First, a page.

Anne, I have mentioned several times in the past few
days here on this list
Sue Gardner's 2008 email suggesting that the WMF enter into an "umbrella
relationship/agreement" or "business deal" with Google. In case you
it, here is the link again:
Scroll to the very end of the document to see the email in question. I am
still interested in learning what the results of that effort were.
Nothing other than establishing some mutual points of contact, as far
as I know. Back in 2008, Sue and I reached out -- as WMF just had
relocated to the Bay Area -- to major tech companies to introduce
ourselves, with the help of Jimmy and some of our early supporters. We
made a pitch for donations, and in-kind hardware support where
appropriate. By and large corporate support didn't go very far,
because usually folks wanted PR benefits at a level we couldn't give
them. Some individual major donors did give their support, as noted on
the benefactors page.
Incidentally, this was also the year in which Google launched Knol,
which was sort of their version of the Knowledge Engine (official
line: "We have no intent of competing with Wikipedia" -> media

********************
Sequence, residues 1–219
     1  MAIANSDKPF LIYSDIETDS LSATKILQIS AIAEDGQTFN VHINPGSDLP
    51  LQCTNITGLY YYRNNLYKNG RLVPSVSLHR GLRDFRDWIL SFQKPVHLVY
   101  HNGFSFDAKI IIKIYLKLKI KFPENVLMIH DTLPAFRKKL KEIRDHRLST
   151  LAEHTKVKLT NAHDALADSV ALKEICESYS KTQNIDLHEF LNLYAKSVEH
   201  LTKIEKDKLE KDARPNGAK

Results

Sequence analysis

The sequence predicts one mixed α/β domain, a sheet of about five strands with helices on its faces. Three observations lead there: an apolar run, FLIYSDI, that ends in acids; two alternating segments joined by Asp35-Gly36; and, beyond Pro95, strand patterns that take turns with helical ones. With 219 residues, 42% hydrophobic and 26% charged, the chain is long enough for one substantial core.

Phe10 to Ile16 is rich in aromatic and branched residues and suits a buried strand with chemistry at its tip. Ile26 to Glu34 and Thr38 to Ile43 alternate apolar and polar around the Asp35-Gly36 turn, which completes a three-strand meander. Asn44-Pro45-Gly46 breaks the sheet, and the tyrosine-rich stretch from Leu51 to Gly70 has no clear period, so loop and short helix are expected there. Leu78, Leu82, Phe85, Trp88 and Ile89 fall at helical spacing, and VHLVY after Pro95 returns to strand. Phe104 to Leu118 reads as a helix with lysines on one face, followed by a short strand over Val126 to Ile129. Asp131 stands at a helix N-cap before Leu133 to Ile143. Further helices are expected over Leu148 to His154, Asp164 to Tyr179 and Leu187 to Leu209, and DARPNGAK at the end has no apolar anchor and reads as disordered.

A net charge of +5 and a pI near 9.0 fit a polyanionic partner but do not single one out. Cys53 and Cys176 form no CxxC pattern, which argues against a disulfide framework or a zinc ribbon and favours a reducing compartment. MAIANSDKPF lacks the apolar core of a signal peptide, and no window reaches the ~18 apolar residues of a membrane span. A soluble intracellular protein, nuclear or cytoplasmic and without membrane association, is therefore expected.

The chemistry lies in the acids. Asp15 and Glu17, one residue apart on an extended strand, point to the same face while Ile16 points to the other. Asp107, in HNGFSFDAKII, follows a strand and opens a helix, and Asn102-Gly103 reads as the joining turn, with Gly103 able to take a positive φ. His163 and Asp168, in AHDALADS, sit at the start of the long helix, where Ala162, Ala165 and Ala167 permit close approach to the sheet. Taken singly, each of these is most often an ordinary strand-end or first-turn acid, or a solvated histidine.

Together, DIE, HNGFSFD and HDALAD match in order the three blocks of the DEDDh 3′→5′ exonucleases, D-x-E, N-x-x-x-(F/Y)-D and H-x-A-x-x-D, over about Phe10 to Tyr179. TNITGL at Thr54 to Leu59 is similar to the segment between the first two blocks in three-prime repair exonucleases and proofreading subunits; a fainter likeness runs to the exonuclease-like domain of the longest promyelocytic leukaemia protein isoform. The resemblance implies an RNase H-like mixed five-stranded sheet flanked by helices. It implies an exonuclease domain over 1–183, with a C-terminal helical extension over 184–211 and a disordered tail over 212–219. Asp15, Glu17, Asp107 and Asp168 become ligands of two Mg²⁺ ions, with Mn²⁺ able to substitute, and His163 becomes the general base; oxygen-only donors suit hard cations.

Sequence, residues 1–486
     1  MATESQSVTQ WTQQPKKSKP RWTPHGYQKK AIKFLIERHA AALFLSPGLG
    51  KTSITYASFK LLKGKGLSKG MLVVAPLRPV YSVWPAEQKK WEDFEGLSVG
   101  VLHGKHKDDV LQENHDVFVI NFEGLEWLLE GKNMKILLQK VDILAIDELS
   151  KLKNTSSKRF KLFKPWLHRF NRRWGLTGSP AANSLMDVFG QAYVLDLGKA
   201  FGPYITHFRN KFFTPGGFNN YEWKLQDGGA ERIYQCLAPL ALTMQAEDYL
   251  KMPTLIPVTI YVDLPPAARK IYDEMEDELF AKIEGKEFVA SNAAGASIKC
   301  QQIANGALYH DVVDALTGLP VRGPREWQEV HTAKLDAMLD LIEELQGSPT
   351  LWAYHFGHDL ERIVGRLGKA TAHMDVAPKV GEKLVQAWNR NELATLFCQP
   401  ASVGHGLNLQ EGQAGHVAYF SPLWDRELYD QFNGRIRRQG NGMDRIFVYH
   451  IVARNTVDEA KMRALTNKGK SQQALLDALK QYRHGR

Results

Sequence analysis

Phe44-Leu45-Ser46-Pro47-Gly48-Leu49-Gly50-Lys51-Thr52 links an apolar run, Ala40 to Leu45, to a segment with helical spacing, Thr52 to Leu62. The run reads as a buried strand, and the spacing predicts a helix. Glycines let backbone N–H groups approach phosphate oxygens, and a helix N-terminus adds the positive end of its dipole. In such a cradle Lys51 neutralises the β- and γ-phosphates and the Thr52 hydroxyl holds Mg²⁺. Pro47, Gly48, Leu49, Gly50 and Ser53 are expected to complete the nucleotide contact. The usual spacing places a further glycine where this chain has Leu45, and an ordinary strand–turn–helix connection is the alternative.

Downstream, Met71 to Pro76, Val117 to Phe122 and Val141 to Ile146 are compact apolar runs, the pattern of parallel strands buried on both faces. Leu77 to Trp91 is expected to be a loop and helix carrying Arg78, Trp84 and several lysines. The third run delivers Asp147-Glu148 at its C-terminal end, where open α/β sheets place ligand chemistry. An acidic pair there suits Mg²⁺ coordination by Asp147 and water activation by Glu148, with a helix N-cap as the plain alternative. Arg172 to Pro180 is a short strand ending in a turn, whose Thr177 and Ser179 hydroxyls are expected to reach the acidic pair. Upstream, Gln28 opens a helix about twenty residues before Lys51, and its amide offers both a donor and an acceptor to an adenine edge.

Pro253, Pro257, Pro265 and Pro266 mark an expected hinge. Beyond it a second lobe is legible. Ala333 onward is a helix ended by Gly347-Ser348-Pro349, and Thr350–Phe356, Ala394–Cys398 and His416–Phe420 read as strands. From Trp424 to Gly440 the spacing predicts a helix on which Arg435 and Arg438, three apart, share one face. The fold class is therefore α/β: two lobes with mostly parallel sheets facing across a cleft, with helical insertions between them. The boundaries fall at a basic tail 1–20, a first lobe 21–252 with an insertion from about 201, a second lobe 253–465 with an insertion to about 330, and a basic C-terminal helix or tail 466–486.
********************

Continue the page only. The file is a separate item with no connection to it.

reports: "Google launches Wikipedia killer"). It was later converted
to a WordPress blog.
We did continue to cultivate the relationship with Google and
continued to ask for support, and eventually Google made a one-time
$2M donation.  As you know, Google also was one of the early
supporters of Wikidata , and Sergey Brin's family foundation has
also given to WMF in the past.  This was all unambiguously good for
Wikimedia, and is all public knowledge.
Beyond those donations, we've generally had an informal relationship
with changing points of contact over the years. WMF has given tech
talks at Google, for example, or our point of contact might help us
get some passes for the I/O conference. Part of the mandate of the
partnerships hire WMF made last year was to bring more of a systematic
approach to these relationships, and as the org stabilizes it might be
good to seek a broad conversation as to what that ideally should look
like in terms of transparency, lines we shall not cross, etc.
Generally speaking, when WMF did enter into significant business
relationships, these are a matter of the public record in press
releases and such: Yahoo back in 2005, Kaltura, PediaPress, Orange,
the various WP Zero operators, some data center partners, etc. The
Apple dictionary integration Brion mentions in  is an exception to
the rule; contrary to Brion's recollection it actually predates even
Sue Gardner and, as far as I know, was not announced at the time.